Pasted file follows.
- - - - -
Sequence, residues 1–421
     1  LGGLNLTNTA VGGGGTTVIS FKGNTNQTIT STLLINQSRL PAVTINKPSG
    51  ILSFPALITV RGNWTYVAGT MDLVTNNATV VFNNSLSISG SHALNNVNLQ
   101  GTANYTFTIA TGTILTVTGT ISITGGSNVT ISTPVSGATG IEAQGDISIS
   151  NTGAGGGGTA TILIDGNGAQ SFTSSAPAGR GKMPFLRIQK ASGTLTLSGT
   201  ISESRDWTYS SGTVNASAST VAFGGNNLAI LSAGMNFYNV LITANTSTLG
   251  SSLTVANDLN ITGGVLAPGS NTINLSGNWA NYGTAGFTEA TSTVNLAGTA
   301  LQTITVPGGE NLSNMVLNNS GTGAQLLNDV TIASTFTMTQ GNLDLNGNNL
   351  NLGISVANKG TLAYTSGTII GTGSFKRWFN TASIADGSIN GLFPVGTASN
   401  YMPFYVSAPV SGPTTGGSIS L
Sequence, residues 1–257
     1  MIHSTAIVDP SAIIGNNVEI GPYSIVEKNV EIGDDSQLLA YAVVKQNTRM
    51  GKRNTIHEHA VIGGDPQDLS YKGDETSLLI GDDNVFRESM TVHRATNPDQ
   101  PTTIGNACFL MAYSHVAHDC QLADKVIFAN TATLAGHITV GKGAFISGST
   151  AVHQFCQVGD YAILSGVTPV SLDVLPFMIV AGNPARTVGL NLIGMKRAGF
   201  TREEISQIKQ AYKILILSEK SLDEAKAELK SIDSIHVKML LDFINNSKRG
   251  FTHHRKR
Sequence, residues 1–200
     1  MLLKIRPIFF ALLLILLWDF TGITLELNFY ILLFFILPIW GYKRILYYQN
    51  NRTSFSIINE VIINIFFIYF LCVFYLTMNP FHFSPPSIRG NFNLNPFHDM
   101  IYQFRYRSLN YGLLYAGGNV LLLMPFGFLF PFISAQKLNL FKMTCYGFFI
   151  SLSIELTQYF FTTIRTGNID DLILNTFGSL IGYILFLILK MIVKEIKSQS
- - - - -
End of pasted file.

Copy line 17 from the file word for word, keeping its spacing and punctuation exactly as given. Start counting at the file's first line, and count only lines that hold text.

   251  FTHHRKR